Faloma, circa 2011; Age-progression to age 19 (circa 2020)
- Missing Since 05/25/2011
- Missing From Saipan, Northern Mariana Islands
- Classification Endangered Missing
- Sex Female
- Race Pacific Islander
- Date of Birth 02/09/2001 (22)
- Age 10 years old
- Height and Weight 5'1, 90 pounds
- Clothing/Jewelry Description A light green shirt with a butterfly design and blue jeans.
- Associated Vehicle(s) Gray Nisasan pickup truck
- Distinguishing Characteristics Pacific Islander female. Brown hair, brown eyes.
Details of Disappearance
Faloma and her sister, Maleina, were last seen standing at the bus stop in their village of As Teo on the island of Saipan in the Northern Mariana Islands on May 25, 2011. They were sitting on a cement slab waiting for the 6:30 bus to take them to Kagman Elementary School. They never boarded the bus, however, and have never been heard from again.
When the girls failed to arrive at school, their teachers marked them absent. Their families didn't realize they were missing until 3:30 that afternoon, when they didn't come home as scheduled. Their disappearances were reported to the police at 5:30 p.m.
Garbage collectors said they had stopped to collect garbage behind the Luhk children's bus stop at 5:45 a.m. the day the girls disappeared. They spent about ten minutes picking up the garbage there, and didn't see Faloma, Maleina or any other children at the stop at the time.
The day the girls disappeared was a Wednesday; on the previous Wednesday, and also on the Wednesday before that, the garbage collectors had noticed the same gray Nissan pickup truck in the vicinity of the bus stop.
On May 11, the truck was parked near the gate of the Santa Lourdes Shrine with its high beam headlights turned on; on May 18, the truck was driving in the direction of the bus stop. The garbage collectors did not see the truck on the morning of May 25, however. It's unclear if the truck has any connection to Faloma and Maleina's case.
The garbage collectors did not see the Luhk sisters or any other children at the stop on the morning they disappeared. They did recall seeing the girls on previous days. They noted that on May 11 and again on May 18 they'd seen the same gray Nissan pickup truck near the stop. The garbage collectors stated that in the days before May 25, they'd seen the girls twice. At both sightings, the same gray Nissan pickup truck was nearby.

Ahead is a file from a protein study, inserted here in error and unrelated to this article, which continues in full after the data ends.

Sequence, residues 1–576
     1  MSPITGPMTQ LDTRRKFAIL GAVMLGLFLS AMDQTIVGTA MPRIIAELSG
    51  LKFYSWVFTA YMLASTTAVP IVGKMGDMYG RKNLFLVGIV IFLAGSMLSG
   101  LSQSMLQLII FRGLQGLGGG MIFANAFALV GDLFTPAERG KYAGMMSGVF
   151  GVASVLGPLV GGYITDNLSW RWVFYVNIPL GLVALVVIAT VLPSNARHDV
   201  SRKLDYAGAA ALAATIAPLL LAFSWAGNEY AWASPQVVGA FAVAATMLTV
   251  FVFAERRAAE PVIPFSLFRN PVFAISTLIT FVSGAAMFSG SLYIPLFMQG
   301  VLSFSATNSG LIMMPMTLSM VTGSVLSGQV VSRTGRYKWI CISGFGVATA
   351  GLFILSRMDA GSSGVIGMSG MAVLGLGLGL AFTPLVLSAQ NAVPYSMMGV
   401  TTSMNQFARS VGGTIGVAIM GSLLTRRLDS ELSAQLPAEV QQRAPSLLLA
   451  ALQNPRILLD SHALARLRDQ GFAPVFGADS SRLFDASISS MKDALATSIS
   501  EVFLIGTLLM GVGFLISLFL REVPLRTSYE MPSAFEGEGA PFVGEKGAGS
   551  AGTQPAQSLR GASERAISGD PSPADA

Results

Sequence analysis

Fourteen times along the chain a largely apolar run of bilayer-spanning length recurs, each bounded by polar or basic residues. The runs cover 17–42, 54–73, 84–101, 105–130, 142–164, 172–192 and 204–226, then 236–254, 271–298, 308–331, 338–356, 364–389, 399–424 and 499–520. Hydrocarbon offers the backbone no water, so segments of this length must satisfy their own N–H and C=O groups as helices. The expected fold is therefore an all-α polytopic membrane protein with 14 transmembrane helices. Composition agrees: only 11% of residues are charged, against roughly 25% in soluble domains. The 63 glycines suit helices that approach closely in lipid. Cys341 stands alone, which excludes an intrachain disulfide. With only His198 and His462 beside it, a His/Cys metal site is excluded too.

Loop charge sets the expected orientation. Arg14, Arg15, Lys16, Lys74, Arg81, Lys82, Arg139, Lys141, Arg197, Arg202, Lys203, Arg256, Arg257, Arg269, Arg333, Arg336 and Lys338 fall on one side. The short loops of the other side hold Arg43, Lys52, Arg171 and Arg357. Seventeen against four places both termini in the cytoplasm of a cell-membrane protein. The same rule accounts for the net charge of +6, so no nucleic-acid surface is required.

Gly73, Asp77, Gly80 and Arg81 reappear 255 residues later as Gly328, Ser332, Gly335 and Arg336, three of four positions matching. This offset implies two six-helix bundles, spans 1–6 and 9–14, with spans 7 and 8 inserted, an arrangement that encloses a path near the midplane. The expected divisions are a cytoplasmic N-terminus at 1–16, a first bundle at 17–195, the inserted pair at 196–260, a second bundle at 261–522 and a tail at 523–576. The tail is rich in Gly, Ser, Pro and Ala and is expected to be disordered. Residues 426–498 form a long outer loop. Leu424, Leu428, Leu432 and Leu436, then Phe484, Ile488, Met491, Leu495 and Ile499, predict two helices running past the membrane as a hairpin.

Faloma and Maleina were both carrying backpacks at the time they vanished. One is described as dark-colored with the owner's name and telephone number written on the straps; the other is a purple Dora the Explorer pack with writing on the shoulder straps. Both backpacks disappeared along with the girls and they haven't been located.
Faloma and Maleina lived with their grandparents at the time of their disappearances; they had since 2007. At the time they went missing, their father was living on the island of Pohnpei in the Federated States of Micronesia, and their mother lived in Guam. Their mother returned to Saipan after the girls' disappearances to assist in the search.
Investigators ruled out the girls' parents and most of their other relatives as suspects in their cases. Their mother now lives in Virginia and their father still lives in Micronesia.
Alan Santos Aguon, a former firefighter, is a person of interest in Meleina and Faloma's cases. He is related to them by marriage, and he refused to take a lie detector test about their disappearances. He moved to Burien, Washington in August 2011 and was subsequently arrested there for domestic violence.
Joseph A. Crisostomo was also considered a possible suspect. In 2014, he had been sentenced to life in prison for the 2012 kidnap, rape and murder of a Saipan woman. Authorities dug up his parents' backyard in 2018, looking for the Luhk sisters' bodies. They found no human remains, and Crisostomo's sister stated her brother was in prison on unrelated charges when the girls went missing.
Authorities believe Faloma and Maleina were abducted by someone outside their family. An extensive search has turned up no sign of them and their cases remain unsolved.
- Northern Mariana Islands Department of Public Safety 670-234-6006
Updated 6 times since October 12, 2004. Last updated February 5, 2021; age-progression updated.